Western Conference Finals 2012: Why Spurs Are Too Hot to Be Slowed by Thunder
The Oklahoma City Thunder should be rejoicing after eliminating the Los Angeles Lakers for a spot in the Western Conference Finals. But, if they know what's good for them, they'll keep their jubilation to a dull roar.
Mighty San Antonio is now the only team standing in the way of a first-ever title shot for OKC, but the four-time NBA champs represent a formidable foe. The Spurs, of course, remember how it felt last year to be eliminated by a young and passionate team. And the pain of their loss to the Memphis Grizzlies still stings.
Last year's shocking defeat was the fourth time a No. 8 seed upset a No. 1 seed and just the second time since 2003, when the NBA expanded the opening series to a best-of-seven. But this is a new year and San Antonio is playing inspired ball. They avoided a second straight embarrassment in the first round by demolishing eighth-seeded Utah four games to none. The Spurs then kept the petal to the metal and swept the L.A. Clippers in four.
Dating back to the regular season, that's 18 wins in a row and counting for San Antonio. So do the Thunder stand a chance?
According to the great Dick Vitale, they could make things interesting, with the dynamic Kevin Durant and his high-scoring teammate Russell Westbrook. Vitale even thinks the series will go seven games before the Spurs pull it out.
But this writer believes San Antonio is all business this year, and despite an aging roster, they're destined for a fifth title.
The Spurs are truly playing like a team possessed, and as always, Tim Duncan is the driving force. According to Fox News, Duncan is feeling the same vibe he felt with previous Spurs teams that captured titles with him.
"It feels a lot like some of the other championship teams. In saying that, we haven't done anything yet," Duncan said. "We've won two rounds. We haven't done anything so you can't qualify, or classify our team as anything other than that we've gotten this far."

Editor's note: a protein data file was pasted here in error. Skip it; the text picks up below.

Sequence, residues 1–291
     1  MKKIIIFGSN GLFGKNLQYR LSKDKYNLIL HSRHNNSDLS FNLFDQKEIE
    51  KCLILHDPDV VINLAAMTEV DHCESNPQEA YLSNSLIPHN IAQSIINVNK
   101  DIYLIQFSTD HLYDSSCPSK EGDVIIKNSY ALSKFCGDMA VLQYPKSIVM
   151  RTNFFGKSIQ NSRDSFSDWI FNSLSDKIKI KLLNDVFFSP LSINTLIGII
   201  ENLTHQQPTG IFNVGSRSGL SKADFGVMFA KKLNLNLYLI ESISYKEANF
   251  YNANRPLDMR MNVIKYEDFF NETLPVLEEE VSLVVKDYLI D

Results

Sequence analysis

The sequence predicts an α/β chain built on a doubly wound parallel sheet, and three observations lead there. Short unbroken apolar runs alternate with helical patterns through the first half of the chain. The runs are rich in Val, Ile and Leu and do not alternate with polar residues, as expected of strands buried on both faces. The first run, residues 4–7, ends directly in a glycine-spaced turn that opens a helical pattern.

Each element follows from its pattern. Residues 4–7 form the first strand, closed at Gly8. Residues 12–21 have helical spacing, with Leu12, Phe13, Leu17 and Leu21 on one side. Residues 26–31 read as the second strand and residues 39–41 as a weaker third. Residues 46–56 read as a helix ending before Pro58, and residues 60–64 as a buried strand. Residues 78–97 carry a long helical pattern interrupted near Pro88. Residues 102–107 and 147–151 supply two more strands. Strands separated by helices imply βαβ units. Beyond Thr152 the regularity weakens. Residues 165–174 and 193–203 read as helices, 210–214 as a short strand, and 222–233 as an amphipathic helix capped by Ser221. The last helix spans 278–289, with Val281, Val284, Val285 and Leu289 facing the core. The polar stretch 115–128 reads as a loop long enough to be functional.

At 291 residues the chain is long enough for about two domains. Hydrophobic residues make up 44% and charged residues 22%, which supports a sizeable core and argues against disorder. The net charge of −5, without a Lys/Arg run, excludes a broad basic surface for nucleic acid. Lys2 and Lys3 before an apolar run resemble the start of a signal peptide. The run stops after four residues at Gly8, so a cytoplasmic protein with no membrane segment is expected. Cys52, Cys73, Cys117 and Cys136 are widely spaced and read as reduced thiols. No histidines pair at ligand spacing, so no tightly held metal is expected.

Duncan has boosted his scoring from 15 points a game in the regular season to almost 18 per game in the playoffs. Meanwhile, the Spurs will look to another All-Star in Tony Parker to slow down Westbrook.
At 30, Parker is seven years older than Westbrook, but the difference in age won't stop him from challenging the talented guard.
Like Vitale, I love the Big Three that the Spurs put on the floor each night. When you add a sharp shooter like Manu Ginobili to Duncan and Parker, you have an experienced core that's been around the block a few times. In crunch time, experience usually wins.
The Thunder will surely cause a stir when Durant or Westbrook go on runs. And with the team's overall youth and explosiveness, they can be downright pests.
But San Antonio can really defend, like some of the old Celtic teams, led by Larry Bird, Kevin McHale and Robert Parish.
Perhaps we'll see a series that resembles the early classics between Kareem Abdul-Jabbar's Lakers and the Celts. It should be exciting, but as Boston proved a time or two, don't bet against the slow, old guys, who still know how to play fundamental basketball.
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